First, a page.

Simulations Illuminate Universe's First Twin Stars (w/ Video)

July 9, 2009
This computer-simulated image shows the formation of two high density regions (yellow) in the early universe, approximately 200 million years after the Big Bang. The cores are separated by about 800 times the distance between the Earth and the Sun, and are expected to evolve into a binary—or "twin"—star system. (Image courtesy of Ralf Kaehler, Matthew Turk and Tom Abel.)

(PhysOrg.com) -- The earliest stars in the universe formed not only as individuals, but sometimes also as twins, according to a paper published today in Science Express. By creating robust simulations of the early universe, astrophysicists Matthew Turk and Tom Abel of the Kavli Institute for Particle Astrophysics and Cosmology, located at the Department of Energy’s SLAC National Accelerator Laboratory, and Brian O'Shea of Michigan State University have gained the most detailed understanding to date of the formation of the first stars.

"We used to think that these stars formed by themselves, but now we see from our that sometimes they have siblings," said Turk. "These stars provide the seeds of next generation star formation, so by understanding them we can better understand how other stars and formed."

To make this discovery, the researchers created an extremely detailed computer simulation of early star formation. Into this virtual they sprinkled primordial gas and dark matter as it existed soon after the Big Bang, data they obtained from observations of the cosmic microwave background. This mostly uniform radiation—a faint glow of spread across the entire sky—contains subtle variations that reflect the beginning of all structure in the universe.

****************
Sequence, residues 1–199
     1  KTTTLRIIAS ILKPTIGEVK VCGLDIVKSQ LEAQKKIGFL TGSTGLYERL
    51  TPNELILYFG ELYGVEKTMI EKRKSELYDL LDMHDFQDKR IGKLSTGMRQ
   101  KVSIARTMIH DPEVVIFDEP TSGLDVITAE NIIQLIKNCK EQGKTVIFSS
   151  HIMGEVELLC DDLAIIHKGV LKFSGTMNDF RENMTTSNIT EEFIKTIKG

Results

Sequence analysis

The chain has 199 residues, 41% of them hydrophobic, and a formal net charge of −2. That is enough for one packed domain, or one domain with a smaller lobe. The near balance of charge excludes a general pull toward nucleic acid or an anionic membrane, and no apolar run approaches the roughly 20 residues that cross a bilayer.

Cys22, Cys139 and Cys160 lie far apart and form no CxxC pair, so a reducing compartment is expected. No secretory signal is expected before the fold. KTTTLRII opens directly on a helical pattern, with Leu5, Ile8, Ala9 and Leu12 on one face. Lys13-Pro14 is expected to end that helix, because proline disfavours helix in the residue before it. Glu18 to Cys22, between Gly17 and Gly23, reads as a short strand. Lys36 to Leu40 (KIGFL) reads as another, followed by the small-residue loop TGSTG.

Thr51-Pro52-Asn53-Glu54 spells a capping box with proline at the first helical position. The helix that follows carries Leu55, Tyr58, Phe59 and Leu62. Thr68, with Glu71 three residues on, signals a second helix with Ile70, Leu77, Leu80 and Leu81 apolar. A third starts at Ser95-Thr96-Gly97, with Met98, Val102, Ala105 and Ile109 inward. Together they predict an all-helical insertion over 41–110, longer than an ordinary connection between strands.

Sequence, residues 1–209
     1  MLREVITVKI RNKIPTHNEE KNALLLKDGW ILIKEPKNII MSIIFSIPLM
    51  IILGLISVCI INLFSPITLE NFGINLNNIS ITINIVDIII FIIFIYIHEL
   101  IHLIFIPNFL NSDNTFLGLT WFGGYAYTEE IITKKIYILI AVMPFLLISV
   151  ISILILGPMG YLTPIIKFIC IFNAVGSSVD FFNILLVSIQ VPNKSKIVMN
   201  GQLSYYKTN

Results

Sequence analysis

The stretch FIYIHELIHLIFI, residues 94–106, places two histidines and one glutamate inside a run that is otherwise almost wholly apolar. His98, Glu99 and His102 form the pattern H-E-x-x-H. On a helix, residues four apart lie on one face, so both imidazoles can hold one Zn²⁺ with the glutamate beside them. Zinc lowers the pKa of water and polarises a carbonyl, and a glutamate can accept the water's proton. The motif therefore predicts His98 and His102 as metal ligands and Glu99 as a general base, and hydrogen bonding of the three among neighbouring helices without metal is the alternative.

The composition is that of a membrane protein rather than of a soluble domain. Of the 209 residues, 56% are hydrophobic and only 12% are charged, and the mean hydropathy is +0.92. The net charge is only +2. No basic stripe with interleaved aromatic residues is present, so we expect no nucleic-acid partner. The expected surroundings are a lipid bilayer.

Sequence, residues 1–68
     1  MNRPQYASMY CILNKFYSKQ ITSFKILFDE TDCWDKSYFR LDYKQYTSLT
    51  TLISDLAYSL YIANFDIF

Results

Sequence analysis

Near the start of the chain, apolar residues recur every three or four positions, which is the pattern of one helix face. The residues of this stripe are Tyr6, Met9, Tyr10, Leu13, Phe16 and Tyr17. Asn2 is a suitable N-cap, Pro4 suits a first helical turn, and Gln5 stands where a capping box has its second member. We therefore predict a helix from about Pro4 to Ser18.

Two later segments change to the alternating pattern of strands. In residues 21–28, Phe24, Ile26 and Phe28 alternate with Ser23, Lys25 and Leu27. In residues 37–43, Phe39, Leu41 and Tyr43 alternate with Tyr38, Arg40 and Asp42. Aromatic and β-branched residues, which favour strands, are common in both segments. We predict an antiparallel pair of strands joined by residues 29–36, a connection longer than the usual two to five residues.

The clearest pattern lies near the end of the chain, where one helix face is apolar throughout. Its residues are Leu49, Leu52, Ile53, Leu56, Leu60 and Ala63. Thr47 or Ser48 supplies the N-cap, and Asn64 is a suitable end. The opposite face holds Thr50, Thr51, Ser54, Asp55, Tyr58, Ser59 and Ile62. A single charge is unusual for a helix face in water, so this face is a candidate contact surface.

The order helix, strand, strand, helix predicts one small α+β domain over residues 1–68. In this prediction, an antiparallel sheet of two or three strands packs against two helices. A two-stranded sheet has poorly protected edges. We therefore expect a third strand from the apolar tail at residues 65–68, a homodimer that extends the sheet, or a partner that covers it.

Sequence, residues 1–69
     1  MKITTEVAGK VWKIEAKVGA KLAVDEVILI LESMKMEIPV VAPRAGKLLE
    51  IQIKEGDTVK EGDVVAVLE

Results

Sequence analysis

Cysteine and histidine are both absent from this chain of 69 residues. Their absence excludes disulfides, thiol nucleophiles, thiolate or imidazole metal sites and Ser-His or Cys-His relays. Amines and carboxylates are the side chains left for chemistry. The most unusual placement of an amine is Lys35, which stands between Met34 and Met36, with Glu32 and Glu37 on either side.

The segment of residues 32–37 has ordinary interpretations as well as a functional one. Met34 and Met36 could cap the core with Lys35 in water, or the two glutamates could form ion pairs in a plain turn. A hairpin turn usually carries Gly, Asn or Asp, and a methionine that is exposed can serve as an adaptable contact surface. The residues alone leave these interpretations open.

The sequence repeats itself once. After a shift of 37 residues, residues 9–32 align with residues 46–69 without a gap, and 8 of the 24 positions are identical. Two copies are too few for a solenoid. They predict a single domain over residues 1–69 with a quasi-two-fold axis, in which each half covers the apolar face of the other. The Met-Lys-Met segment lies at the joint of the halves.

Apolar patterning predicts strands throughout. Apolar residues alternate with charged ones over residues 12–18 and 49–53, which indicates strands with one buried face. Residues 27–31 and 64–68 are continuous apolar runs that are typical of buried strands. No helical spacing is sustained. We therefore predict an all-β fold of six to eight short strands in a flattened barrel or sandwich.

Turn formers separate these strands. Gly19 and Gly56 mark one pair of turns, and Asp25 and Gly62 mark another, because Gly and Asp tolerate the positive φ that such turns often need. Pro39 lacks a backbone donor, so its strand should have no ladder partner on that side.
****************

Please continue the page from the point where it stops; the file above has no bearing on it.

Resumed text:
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Simulation courtesy of Ralf Kaehler, Matthew Turk and Tom Abel

Turk, Abel and O'Shea ran five data-intensive simulations, each of which covered a 400 quadrillion cubic mile volume of the universe and took about three weeks to run on 64 processors. The simulations focused on the first Population III stars: massive, hot stars thought to have formed a mere several hundred million years after the Big Bang.

As the researchers watched their simulated universe evolve, waves of gas and dark matter swirled through the hot, dense universe. As the universe cooled, gravity began to draw the matter together into clumps. In areas rich with matter, stars began to form. And, in one out of the researchers' five simulations, a single cloud of dust and formed into "twin" stars: one with a mass equivalent to about 10 suns, and one with a mass equivalent to about 6.3 suns. Both of them were still growing at the end of the calculation and will likely grow to many times that mass.

"We ran five of these calculations starting from the beginning of the universe, and to our surprise one of them was special," said Abel. "This opens a whole new realm of research possibilities. These stars could evolve into two black holes, which could have created gravitational waves we could detect with an instrument like the Laser Interferometer Gravitational Wave Observatory and, if they fall into bigger black holes, for the Laser Interferometer Space Antenna. Or one of the stars could evolve into a black hole that could create gamma-ray bursts that we could detect with the Swift mission and the Fermi Gamma-ray Space Telescope."

Turk added: "This will help us fine-tune our models for how structure in the universe formed and evolved. Understanding the very early helps us understand what we see today. It even helps explain how and when some of the atoms now on earth and in our bodies were first formed."

Provided by SLAC National Accelerator Laboratory (news : web)

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2 comments

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denijane
5 / 5 (1) Jul 10, 2009
How do you model something whose equations of state you don't know? I refer to dark matter in early universe.
JukriS
1 / 5 (1) Jul 12, 2009
Just remember. Entropy working also inside nucleus of atoms all a time.

Inside nucleus of atoms is only energy who exploding all a time!

Nucleus of atoms exploding/expanding all a time and emit/radiate waves of energy who have a nature of electrons and particles who also expanding/exploding and emit expanding waves of energy!

Electrons just move to the next exploding nucleus of atoms and get this exploding faster and faster. That the way exploding nucleus of atoms push themselfs far away same way what nucelus expanding all a time!

Electrons give some change of pressure for waves of energy who push out from exploding nucleus and then born new electrons etc...

http://www.onesim....com/296

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